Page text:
they sold it to General Recorded Tape (GRT) in 1969, shortly before Leonard's death.
The label released recordings by mostly African American artists and groups. Checker's releases cover a
wide-range of genres including blues such as Little Walter, Sonny Boy Williamson II, rhythm and blues such
as Sax Mallard, Jimmy McCracklin, doo-wop such as The Flamingos, The Moonglows, gospel such as
Aretha Franklin, Five Blind Boys of Mississippi, rock and roll such as Bo Diddley, Dale Hawkins, and soul
The label was discontinued in 1971 following GRT's consolidation of the Chess catalogs. As with Cadet and
Chess, the label's catalog is now owned by Universal Music Group and releases from the Checker catalog are
released by Geffen Records and Chess.
Due to the recent expansion of Chess Records, as well as to achieve greater airplay for singles, the Chess
brothers opened up a subsidiary label named Checker. The first 45/78 rpm single released by the label was
"Slow Caboose" b/w "Darling, Let's Give Love a Chance" by Sax Mallard and his Orchestra, which was
released as Checker 750 in April 1952.
The label's most popular artist, in the label's early years, was Little Walter, who had ten songs released by
Checker that made the Top Ten of Billboard magazine's Top Rhythm & Blues Records charts. Among those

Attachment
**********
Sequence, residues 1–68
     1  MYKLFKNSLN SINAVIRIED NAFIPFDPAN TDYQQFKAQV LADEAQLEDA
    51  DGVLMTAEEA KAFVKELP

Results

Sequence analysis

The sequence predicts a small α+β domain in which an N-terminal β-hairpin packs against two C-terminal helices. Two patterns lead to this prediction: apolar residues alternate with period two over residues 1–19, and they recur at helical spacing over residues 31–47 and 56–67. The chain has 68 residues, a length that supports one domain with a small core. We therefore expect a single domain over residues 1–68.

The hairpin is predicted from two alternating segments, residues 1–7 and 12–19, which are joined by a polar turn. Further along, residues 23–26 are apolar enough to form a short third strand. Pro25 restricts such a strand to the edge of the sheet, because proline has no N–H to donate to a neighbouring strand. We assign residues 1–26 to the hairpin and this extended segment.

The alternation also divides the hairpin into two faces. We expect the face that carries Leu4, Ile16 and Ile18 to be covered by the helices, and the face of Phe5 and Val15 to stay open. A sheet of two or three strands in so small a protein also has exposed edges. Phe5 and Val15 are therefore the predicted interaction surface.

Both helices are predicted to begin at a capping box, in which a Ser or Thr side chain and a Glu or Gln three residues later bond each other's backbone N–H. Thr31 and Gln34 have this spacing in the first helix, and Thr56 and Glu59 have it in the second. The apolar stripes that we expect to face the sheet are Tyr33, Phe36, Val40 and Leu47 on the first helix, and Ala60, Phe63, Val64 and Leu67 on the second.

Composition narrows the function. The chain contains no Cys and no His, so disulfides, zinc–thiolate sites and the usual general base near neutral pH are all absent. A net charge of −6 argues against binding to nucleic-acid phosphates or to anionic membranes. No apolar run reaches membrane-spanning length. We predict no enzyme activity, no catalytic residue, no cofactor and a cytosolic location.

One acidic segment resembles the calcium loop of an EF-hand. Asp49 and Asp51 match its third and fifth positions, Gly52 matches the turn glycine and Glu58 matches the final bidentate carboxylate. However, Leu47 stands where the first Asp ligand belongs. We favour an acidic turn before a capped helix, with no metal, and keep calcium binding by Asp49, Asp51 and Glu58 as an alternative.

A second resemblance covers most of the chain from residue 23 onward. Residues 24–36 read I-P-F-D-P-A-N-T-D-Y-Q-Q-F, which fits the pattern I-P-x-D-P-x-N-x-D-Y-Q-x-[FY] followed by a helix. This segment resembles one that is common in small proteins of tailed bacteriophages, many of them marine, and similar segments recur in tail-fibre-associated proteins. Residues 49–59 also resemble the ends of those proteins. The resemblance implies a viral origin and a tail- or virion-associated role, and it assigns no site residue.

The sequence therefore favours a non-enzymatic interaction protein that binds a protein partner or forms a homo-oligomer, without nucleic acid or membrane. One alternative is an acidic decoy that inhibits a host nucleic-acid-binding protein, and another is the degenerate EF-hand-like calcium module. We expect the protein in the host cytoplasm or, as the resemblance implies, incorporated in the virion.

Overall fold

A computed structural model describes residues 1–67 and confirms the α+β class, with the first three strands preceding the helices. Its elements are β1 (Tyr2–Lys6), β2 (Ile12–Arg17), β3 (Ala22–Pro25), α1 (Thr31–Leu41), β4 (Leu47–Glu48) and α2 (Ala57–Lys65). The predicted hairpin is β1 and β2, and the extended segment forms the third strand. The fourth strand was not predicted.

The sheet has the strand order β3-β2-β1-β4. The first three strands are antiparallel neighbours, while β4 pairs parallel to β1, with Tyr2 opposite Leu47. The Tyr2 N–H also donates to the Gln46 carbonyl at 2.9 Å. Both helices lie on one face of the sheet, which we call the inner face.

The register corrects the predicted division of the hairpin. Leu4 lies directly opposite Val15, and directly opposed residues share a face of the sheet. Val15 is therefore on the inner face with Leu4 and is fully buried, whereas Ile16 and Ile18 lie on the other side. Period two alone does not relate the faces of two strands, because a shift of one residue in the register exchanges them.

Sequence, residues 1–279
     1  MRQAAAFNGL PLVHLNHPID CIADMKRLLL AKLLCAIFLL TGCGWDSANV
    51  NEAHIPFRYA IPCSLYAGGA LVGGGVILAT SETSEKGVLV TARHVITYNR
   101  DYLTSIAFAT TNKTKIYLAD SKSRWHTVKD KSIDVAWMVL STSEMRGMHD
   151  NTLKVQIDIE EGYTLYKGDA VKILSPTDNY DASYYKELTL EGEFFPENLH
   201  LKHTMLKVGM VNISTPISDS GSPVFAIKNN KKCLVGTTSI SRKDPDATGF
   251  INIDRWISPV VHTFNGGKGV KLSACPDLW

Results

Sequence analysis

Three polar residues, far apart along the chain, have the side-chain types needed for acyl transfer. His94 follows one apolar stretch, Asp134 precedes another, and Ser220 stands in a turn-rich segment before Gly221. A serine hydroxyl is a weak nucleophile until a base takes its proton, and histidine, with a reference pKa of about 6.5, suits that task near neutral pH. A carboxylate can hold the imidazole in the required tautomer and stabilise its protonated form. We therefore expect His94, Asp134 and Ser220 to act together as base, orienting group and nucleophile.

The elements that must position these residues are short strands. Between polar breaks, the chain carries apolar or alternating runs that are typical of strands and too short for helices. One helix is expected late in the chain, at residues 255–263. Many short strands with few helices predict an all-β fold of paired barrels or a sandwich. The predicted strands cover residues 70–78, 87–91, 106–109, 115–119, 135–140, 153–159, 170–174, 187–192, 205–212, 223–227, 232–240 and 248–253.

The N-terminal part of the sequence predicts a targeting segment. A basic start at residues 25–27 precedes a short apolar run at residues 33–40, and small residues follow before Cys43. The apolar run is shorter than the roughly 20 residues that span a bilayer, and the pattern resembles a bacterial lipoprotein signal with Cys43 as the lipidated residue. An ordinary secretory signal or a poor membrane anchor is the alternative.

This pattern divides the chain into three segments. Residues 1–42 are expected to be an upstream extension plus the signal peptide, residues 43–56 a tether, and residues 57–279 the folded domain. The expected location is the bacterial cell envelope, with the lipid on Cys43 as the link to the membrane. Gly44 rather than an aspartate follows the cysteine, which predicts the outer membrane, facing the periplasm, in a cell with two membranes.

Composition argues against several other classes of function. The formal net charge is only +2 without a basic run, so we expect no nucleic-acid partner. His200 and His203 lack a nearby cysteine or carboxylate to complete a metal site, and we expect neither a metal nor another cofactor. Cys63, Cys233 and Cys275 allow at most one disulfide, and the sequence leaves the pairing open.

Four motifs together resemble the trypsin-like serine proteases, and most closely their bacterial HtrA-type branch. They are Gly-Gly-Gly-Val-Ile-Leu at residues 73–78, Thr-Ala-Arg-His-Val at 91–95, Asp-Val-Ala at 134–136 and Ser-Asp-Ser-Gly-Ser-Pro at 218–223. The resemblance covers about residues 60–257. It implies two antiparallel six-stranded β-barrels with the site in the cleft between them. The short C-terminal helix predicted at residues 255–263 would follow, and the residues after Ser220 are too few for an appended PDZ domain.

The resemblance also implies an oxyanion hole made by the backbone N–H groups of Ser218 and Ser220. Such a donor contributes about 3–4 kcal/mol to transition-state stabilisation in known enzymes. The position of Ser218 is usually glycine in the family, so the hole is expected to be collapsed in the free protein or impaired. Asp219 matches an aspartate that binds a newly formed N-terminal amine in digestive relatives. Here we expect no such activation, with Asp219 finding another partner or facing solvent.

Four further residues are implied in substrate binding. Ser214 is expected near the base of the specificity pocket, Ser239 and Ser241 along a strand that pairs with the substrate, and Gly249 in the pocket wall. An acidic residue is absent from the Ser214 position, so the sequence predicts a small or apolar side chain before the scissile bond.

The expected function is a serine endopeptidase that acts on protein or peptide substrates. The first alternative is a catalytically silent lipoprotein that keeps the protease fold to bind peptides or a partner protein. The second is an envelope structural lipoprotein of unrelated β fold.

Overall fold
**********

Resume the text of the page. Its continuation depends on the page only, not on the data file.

ten was "Juke" which topped the charts and was inducted into the Grammy Hall of Fame in 2008.
Checker released several singles by well-established blues artists such as Elmore James, Arthur "Big Boy"
Crudup (credited as Perry Lee Crudup), and Memphis Minnie, none of which sold well. One well-established
blues artist that did manage to make a hit on Checker was Sonny Boy Williamson II, who charted with
"Don't Start Me Talkin'" a number 3 in 1955, "Keep It To Yourself" a number 14 in 1956, and "Help Me"
number 24 in 1963.
On March 2, 1955, the Chess brothers recorded their first rock and roll artist, Bo Diddley. From this session
came Bo's self-titled debut single on Checker, which topped the Rhythm and Blues charts and was inducted
into the Grammy Hall of Fame in 1998. Another one of Bo Diddley's Checker singles, "Who Do You Love?",
was inducted in 2010.
In 1957, Checker cracked into the rockabilly market with Dale Hawkins, who had a crossover hit with "Susie
Q", although he could not repeat the single's success. In 1958, Checker released its first 12" 33⅓ rpm LP
record, the Best Of Little Walter, which was released as Checker LP-1428.